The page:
Russell Glacier is, as the name suggests, a glacier which is located in the Municipality of Qeqqata in the central west part of the autonomous constituent country within the Kingdom of Denmark, Greenland. Flowing from the Greenland ice sheet to the west, the glacier is one of the more popular sites for people visiting this nation due to the easy approach.
Since it is only 25 km (16 mi) east of the settlement of Kangerlussuaq, this still active glacier is bounded by the Isunngua’s tundra in the north, while to the south it is exposed to the barren, flatten ridge of Akuliarusiarsuk. With the easier access to Greenland, there are tour companies that offer a very close experience of Russel Glacier, where people are allowed to hike along the glacier’s edge, while enjoying the immense ice structure.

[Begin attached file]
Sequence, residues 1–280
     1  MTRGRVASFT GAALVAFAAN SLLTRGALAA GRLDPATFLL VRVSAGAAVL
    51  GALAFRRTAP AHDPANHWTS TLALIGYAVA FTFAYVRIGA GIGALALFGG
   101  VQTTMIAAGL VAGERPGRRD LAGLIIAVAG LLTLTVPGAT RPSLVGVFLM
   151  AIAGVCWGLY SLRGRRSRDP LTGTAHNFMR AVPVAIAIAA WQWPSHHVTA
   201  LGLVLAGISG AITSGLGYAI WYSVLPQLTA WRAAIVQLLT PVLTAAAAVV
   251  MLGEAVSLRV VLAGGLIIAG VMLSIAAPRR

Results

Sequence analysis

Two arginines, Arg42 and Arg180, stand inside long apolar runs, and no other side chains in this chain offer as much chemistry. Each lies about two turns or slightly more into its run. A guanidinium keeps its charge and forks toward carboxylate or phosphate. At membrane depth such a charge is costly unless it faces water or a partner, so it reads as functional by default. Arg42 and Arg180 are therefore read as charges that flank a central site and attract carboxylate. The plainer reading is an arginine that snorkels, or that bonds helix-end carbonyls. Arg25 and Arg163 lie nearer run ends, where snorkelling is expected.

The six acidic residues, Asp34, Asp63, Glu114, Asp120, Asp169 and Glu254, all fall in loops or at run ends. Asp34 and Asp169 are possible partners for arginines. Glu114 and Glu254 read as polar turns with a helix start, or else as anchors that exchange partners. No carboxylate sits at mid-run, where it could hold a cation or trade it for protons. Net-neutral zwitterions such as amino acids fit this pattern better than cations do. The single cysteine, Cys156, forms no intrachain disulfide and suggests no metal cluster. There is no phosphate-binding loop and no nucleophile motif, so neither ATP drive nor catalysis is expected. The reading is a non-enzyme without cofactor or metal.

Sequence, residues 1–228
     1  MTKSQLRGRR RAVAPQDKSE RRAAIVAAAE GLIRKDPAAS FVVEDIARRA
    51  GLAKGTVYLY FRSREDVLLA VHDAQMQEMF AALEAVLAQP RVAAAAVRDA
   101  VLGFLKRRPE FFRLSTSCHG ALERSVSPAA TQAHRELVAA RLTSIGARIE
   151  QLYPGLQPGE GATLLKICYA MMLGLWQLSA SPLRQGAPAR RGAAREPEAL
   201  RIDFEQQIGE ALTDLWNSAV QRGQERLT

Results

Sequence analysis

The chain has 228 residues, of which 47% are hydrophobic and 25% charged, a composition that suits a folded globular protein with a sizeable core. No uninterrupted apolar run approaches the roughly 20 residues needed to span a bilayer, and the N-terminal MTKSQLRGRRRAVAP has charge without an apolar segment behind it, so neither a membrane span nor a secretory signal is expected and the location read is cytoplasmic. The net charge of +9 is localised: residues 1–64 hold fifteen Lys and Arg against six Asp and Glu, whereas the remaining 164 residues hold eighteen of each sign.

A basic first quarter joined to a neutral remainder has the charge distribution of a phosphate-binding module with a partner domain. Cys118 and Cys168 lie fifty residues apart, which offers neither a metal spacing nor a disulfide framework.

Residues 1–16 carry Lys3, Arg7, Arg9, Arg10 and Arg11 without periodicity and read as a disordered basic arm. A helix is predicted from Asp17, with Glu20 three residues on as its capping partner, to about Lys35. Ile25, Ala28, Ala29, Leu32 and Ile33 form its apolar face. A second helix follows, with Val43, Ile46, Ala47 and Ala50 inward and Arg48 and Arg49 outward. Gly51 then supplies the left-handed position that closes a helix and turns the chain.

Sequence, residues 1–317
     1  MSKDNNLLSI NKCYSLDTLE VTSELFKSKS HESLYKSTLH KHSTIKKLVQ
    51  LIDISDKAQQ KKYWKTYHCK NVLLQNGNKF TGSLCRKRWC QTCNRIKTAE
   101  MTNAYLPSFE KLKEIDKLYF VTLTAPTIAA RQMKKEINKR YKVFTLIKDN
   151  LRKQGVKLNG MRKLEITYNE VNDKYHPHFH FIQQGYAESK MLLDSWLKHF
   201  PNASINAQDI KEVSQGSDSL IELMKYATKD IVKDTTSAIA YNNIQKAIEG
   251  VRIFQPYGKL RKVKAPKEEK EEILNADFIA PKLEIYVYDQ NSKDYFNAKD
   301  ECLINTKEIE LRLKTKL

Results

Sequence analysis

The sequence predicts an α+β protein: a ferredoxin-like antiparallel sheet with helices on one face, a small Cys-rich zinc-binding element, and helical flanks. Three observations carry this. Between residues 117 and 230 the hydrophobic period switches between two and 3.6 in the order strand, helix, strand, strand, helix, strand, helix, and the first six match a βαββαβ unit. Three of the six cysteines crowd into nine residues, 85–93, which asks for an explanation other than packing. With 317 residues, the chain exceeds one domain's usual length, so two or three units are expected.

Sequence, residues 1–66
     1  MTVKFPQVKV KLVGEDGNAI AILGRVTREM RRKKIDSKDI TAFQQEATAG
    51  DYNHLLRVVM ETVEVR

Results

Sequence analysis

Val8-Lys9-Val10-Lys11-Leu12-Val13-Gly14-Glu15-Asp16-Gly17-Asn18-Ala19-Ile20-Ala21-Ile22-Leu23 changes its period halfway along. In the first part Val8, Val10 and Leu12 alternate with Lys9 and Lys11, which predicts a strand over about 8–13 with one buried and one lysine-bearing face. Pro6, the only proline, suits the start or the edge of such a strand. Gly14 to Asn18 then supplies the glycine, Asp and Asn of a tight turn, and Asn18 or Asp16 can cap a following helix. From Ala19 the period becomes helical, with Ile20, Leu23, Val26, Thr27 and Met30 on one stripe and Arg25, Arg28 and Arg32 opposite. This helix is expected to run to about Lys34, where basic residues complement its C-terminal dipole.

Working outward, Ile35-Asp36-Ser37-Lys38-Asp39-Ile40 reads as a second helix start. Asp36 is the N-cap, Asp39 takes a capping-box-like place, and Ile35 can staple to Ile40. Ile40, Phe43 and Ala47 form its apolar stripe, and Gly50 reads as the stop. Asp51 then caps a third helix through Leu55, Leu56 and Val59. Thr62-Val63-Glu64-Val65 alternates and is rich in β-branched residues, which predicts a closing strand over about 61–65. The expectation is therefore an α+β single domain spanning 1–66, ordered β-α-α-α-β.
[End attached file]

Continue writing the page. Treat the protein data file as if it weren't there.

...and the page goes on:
Still, one of the scarier features that the glacier has are the several melt-water outflow streams that endanger the entire structure. As the ice melts during the summer months, the glacial thinning and instability within the colossal walls can result into sudden break, which is why it is recommended when visiting the glacier to be extra careful.
With the slow movement of the ice of about 25 meters (82 feet) per year, its unbelievable power can be monitored across the landscape with the crushed rock below, where it is deposited. The gray crushed rock is deposited from the crushing weight of the glacier that was “saved” throughout the years, and it is also the reason why Kangerlussuaq Fjord has its steely gray color.
All in all, a definite marvel from Greenland which should be monitored constantly due to the impact it shall have on the climate with the melt-water and methane build up, Russell Glacier will be a marvelous place that can be visited by plenty of Arctic enthusiasts.